Investment Adventures in Emerging Markets

Readers’ Questions Answered Part VIII

It’s been a while since I answered some readers’ questions. Thank you, readers, for all your responses to the blog—they have been highly encouraging.

Do you think there will be a recession globally or in emerging markets from a mid- to
long-term perspective?

– Asli, Turkey

From a mid- to long-term perspective I believe the global economic situation continues to look very good for a number of reasons. First of all, many emerging markets have continued to grow at a rapid pace and we don’t expect growth to slow down too much over the next decade, although the percentage changes can naturally decelerate when the GDP numbers get bigger. 

Second, we believe the situation in Europe can be worked out and there will likely be considerable reform in European countries such as cuts in government spending and measures taken to stimulate business by lowering taxes and reducing bureaucratic burdens. We expect the same could happen in the U.S. and Japan, as those countries and the entire developed world are learning that one way to stimulate growth is to allow business and private enterprise to grow, particularly the small and medium size businesses. Although the move to these policies will likely take some time, we already see the signs of potential change.

What is the impact if one or more countries withdrew from the euro?

– Shiv, India

France and Germany have repeatedly stated their commitment to keeping the euro, and we believe the likelihood that any other countries will consider withdrawing from the euro to be very low. Even if one or two or more withdrew, it should not impact the viability of the euro as a currency and that currency should continue to be used, in our view.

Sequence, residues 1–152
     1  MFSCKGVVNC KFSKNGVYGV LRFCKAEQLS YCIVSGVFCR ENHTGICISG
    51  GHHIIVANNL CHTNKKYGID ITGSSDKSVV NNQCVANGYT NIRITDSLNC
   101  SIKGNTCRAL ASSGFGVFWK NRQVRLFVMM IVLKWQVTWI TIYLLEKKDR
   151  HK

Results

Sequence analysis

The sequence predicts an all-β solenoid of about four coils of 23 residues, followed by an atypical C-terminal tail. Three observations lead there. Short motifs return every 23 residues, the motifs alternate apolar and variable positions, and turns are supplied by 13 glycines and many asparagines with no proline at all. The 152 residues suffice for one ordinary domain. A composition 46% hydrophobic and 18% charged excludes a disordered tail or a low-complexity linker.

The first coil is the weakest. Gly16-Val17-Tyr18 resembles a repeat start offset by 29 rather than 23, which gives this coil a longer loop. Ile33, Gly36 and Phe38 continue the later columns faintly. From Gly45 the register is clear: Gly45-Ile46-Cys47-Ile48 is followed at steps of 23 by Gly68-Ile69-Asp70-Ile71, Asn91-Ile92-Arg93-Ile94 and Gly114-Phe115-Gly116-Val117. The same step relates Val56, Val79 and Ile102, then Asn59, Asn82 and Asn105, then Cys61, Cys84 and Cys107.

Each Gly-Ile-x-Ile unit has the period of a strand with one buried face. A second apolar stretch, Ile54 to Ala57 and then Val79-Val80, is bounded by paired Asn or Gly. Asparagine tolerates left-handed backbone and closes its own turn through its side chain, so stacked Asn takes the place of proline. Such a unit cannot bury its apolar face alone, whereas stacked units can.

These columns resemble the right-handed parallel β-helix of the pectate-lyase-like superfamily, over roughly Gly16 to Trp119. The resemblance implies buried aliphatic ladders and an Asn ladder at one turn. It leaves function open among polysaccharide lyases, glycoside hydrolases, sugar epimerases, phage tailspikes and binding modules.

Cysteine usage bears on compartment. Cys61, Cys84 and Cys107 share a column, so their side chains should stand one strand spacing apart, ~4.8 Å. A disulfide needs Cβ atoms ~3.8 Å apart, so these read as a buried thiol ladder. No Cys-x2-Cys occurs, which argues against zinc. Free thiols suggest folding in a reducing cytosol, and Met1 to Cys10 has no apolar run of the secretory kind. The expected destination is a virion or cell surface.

We must remember that the euro is probably the most important currency change that has taken place in the last century. It has been a resounding success, even though some British commentators and economists had condemned it when it was first launched in 1999 and are condemning it now. Having a common European currency initially brought down the borrowing costs for several countries while making key countries’ exports more competitive by increasing the flow of intra-regional trade and resources. Slovakia is a positive example: it made use of the euro to restructure its economy and its 4% GDP growth in 2010 was one of the highest in the EU.[1] The reality is that the euro has now become an alternative to the USD and has continued to grow in use around the world.

 What is your view on Ukraine? 

– Vitaly, Ukraine 

Ukraine is one of the more interesting markets since it has a number of viable industries with growth potential. Most importantly, we refer to it as a “bread basket” given its rich agricultural industry. Many Eastern European countries have been suffering from the broader global market sell-off due to their proximity to debt-ridden Western Europe, which sees investors generally reducing their holdings and repatriating capital. Despite the current volatility, we believe Ukraine, which is rich in both hard and soft commodities, has potential resulting from what has been the long-term rising demand for natural resources. 


[1] Source: IMF, WEO, as of Sep 2011.

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